Attractions in Ghana are either free, have set low fares or are tip-based. Black Star Square is one of the most popular tourist attractions in Ghana and is completely free to visit. Most attractions in Ghana have set visitor fees, yet these are modest: a ticket to Kakum National Park costs just C60 (US$8.57) for non-Ghanaians.
Some attractions have free tours but welcome tips for the tour guide or facility. The Pikworo Slave Camp in the North is a registered attraction site with knowledgeable guides from the area who will take you on a tour through the site; at the end, you’re asked to give what you want. In this case, have a set budget for what you would like to tip. C20 to C50 (US$2.86 to US$7.14) is a fair range for most tips.
Stroll the markets for great deals on souvenirs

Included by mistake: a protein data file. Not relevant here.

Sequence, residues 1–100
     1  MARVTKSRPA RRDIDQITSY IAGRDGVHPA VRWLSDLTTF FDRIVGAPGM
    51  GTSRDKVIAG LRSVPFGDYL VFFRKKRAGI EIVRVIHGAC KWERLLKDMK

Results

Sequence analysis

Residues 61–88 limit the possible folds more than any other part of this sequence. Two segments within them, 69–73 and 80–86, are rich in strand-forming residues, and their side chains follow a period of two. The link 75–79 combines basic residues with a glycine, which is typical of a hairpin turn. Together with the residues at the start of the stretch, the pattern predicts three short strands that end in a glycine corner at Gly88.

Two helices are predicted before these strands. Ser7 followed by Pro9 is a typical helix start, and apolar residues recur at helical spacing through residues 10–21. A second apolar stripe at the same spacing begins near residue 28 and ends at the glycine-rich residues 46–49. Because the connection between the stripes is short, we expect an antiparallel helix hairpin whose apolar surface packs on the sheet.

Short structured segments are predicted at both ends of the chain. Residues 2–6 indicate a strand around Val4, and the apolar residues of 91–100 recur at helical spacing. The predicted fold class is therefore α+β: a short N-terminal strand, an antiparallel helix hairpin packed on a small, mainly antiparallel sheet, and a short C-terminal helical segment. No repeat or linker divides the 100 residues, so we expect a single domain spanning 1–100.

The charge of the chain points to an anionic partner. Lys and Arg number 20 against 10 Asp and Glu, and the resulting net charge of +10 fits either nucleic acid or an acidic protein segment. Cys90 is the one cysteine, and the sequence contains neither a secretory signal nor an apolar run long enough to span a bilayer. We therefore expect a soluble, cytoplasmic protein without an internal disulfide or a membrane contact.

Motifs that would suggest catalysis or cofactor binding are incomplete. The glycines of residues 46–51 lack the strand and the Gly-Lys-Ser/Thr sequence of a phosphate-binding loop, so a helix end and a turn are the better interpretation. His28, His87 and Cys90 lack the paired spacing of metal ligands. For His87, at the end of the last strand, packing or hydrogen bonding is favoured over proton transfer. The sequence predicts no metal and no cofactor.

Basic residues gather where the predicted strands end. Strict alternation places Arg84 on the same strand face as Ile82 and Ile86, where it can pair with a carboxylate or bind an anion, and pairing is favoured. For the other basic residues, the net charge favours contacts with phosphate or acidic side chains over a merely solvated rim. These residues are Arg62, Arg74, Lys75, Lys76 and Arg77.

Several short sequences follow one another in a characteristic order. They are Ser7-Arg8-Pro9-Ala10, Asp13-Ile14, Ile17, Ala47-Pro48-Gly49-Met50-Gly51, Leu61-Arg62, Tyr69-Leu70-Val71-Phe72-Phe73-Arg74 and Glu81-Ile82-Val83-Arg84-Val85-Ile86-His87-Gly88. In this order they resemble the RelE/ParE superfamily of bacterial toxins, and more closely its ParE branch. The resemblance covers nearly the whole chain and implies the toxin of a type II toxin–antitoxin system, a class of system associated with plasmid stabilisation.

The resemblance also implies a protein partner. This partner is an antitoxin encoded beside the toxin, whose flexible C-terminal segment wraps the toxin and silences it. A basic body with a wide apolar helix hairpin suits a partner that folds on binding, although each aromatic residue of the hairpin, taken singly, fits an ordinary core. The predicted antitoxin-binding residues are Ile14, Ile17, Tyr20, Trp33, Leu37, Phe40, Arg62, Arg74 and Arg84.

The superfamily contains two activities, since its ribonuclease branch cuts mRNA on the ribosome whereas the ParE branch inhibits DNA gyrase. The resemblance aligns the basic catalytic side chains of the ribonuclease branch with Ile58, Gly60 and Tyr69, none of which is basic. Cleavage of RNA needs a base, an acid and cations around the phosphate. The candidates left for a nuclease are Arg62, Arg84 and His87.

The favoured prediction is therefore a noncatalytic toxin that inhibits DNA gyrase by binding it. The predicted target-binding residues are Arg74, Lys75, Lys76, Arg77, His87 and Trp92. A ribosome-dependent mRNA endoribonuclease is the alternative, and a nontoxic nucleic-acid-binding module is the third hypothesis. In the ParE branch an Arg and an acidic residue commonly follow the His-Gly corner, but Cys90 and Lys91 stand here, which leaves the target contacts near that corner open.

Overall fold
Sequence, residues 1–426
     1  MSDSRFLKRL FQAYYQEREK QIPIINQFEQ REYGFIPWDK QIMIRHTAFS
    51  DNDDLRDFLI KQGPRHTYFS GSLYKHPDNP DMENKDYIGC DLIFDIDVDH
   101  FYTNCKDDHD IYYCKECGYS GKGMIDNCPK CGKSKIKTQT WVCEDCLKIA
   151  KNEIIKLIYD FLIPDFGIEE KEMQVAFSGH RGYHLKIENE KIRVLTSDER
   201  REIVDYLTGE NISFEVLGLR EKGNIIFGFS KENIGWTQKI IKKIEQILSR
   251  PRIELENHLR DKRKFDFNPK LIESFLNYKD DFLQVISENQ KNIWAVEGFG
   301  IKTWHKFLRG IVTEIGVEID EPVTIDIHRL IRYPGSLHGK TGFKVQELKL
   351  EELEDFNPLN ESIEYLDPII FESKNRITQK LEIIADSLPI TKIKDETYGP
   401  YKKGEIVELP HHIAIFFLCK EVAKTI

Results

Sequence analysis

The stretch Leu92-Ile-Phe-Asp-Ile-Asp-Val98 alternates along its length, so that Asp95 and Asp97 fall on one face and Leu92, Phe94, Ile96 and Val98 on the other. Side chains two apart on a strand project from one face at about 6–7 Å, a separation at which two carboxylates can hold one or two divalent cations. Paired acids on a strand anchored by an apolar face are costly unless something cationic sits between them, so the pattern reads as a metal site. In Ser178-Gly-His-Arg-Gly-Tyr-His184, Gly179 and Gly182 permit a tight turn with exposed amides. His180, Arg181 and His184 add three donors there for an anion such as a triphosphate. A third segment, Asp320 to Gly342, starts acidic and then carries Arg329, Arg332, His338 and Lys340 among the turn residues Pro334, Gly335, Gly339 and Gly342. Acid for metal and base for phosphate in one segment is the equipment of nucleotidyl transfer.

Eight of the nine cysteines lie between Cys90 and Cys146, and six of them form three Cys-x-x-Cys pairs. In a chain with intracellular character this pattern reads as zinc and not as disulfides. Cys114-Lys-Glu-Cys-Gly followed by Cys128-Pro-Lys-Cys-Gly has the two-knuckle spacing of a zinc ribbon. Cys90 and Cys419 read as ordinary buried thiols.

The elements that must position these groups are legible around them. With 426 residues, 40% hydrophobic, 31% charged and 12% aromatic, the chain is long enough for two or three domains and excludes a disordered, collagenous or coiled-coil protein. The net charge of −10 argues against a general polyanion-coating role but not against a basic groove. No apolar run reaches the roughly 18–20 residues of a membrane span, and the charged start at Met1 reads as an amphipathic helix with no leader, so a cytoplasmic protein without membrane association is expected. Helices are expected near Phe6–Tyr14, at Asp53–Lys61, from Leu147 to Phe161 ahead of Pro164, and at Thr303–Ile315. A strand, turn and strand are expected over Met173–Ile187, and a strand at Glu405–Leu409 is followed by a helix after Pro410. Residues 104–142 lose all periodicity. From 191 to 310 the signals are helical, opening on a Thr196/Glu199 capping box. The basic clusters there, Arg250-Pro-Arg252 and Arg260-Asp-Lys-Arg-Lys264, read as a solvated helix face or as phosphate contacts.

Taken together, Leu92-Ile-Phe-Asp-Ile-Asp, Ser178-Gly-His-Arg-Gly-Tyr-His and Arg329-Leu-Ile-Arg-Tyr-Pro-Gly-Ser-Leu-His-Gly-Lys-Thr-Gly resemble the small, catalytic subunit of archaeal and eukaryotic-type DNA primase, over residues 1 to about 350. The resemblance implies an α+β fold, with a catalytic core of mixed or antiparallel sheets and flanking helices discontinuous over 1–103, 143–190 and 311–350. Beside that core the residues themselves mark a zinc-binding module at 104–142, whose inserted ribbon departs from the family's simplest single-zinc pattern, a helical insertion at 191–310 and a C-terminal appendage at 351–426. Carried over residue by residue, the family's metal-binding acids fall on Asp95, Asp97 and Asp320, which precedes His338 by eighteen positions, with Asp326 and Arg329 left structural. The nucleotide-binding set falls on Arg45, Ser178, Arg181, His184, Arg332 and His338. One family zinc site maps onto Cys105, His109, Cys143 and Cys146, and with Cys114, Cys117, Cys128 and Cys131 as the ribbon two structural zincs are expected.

Art Centers are known as some of the best sites to shop for local crafts and other keepsakes in Ghana. Located throughout the country, these marketplaces are composed of stalls overflowing with clothes, keychains, purses, wall art, decor and more. The merchants know that visitors are here to buy – and will accordingly quote prices at three times the market rate.
At Ghana’s many unofficial markets, you can find many of the same goods for less. Ghana has a lively bargaining culture, so be prepared to test your skills. Never accept the first quoted price given to you; instead, make your first counteroffer half of the merchant’s first offer. You’ll almost surely haggle up from there – but you’ll align on a price satisfactory to both parties soon enough, and enjoy a fun cultural exchange to boot.
Daily costs in Ghana
- Hostel room: US$12–$25 (dormitory bed)
- Basic room for two: US$30–$120
- Self-catering apartment (including Airbnb): US$30–$120
- Public transport ticket: US$0.50–$1.43, depending on distance
- Coffee: US$0.26–$1.42
- Sandwich: US$4–$7
- Dinner for two: US$20–$42
- Beer/pint at the bar: US$1–$2